NORMALLY council hygiene inspectors carry out programmed checks at restaurants, takeaways, cafes, pubs, bakeries, markets, schools and care homes but they have been suspended in Swansea and Carmarthenshire.
It was emphasised that hygiene checks have been carried out at some of the new field hospitals built during the coronavirus pandemic.
Swansea has nearly 1,900 premises to check and Carmarthenshire more than 1,700.
They are checked at various intervals, depending on the level of risk.
But regulator the Foods Standards Agency has been issuing guidance to councils in recent weeks, resulting in a focus on “urgent reactive work”.
Swansea Council has not carried out programmed inspections since the lockdown, but it is answering queries from and giving advice to businesses.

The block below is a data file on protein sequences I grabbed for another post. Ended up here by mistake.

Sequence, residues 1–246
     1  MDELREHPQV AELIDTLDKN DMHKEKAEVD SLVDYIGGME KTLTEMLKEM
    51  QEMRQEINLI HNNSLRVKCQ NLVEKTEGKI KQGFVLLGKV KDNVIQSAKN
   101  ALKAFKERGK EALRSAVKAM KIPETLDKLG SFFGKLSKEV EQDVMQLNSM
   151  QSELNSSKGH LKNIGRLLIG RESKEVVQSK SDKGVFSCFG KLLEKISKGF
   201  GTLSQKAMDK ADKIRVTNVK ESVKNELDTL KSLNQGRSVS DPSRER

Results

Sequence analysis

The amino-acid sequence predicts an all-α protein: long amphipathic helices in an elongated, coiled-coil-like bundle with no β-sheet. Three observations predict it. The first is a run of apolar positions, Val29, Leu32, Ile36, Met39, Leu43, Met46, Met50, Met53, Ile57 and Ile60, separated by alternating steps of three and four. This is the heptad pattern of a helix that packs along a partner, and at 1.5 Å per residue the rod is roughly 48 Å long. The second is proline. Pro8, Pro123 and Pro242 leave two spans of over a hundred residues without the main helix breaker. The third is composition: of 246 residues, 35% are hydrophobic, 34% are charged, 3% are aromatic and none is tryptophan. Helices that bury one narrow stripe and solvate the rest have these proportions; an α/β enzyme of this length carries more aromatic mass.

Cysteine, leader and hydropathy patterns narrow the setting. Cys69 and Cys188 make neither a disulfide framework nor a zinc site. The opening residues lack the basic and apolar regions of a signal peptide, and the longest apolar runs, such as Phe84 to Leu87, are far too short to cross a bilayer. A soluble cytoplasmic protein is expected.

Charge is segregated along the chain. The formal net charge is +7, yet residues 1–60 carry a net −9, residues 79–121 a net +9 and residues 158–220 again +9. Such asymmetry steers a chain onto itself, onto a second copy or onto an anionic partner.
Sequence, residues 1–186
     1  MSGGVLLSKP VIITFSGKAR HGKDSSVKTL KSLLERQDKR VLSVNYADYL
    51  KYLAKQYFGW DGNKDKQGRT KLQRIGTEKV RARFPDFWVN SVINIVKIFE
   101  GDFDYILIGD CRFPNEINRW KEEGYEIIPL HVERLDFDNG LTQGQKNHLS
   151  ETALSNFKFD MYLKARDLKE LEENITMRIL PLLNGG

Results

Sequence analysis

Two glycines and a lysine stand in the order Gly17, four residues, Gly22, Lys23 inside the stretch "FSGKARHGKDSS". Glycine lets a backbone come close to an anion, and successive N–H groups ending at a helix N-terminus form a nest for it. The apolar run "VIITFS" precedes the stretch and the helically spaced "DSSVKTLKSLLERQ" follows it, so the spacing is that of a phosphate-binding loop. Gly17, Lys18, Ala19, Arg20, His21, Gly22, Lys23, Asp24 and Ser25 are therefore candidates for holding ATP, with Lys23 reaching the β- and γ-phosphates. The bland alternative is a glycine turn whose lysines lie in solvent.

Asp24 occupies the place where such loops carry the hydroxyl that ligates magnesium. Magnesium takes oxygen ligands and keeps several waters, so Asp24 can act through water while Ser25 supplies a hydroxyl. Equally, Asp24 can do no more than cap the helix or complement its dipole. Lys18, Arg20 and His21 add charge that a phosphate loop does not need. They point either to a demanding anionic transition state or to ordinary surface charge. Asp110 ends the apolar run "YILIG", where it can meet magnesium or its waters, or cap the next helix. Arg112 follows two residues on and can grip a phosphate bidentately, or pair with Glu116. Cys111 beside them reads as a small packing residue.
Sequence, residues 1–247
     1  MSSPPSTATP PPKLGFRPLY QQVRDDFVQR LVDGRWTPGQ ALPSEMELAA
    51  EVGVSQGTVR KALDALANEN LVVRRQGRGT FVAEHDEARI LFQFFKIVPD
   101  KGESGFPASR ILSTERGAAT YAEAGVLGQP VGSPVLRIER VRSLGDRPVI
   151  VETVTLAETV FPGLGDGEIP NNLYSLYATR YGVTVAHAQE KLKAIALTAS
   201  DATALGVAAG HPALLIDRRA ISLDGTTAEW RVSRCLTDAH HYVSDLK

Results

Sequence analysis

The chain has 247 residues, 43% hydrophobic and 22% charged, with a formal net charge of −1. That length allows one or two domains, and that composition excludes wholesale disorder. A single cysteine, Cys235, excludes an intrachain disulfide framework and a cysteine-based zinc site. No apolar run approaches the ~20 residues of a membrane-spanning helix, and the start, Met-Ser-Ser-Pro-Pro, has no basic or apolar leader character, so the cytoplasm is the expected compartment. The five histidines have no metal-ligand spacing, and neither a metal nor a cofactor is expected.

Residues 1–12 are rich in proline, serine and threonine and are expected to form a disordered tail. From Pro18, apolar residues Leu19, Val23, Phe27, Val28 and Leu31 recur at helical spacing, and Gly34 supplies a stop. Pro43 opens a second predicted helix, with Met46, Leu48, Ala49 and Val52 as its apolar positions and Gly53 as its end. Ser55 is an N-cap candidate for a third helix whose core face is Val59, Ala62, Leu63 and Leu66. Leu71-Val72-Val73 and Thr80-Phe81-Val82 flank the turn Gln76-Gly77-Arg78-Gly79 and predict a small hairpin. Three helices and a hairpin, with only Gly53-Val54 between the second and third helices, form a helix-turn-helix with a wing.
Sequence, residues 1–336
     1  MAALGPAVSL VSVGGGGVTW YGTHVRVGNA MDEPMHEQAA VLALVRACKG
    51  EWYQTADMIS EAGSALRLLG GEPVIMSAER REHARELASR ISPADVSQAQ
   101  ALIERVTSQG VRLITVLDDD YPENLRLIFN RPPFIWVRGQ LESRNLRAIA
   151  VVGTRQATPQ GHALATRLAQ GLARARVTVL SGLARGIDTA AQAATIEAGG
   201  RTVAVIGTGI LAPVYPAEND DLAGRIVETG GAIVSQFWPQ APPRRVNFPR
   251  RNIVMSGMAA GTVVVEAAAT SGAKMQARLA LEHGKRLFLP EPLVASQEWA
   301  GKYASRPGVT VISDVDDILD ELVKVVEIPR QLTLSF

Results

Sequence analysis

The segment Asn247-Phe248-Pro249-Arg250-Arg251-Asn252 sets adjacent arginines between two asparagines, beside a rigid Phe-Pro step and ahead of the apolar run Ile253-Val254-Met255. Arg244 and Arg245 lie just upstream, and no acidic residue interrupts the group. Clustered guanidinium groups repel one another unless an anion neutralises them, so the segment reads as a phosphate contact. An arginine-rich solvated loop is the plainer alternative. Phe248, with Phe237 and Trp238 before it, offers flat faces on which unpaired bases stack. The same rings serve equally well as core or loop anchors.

Carmarthenshire Council said that “four official control inspections have been undertaken in relation to field hospitals”.
New overspill hospitals have been created at Carmarthen Leisure Centre, Llanelli Leisure Centre, Selwyn Samuel Centre and Parc y Scarlets.
The majority of restaurants and pubs across the UK are closed, but many takeaways are busier than ever to cope with the increased demand for home deliveries.
A Carmarthenshire Council spokeswoman said the authority was responding to emergency food hygiene-related matters.
“All official control activity has currently been suspended in response to the coronavirus,” she said.
A spokeswoman for the Food Standards Agency said it has advised local authorities to focus planned activities at the highest risk businesses, those that have poor standards, new businesses setting up and those carrying out new activities, such as a delivery service.
She added that councils would continue to undertake urgent reactive work, including responding to food incidents and investigating food-borne illness outbreaks.
“This also includes following up intelligence in response to the coronavirus outbreak,” she said.
The Welsh Local Government Association, which represents Wales’s 22 councils, said food hygiene checks were being carried out remotely, and that inspectors would attend premises where “a serious public health risk” was suspected.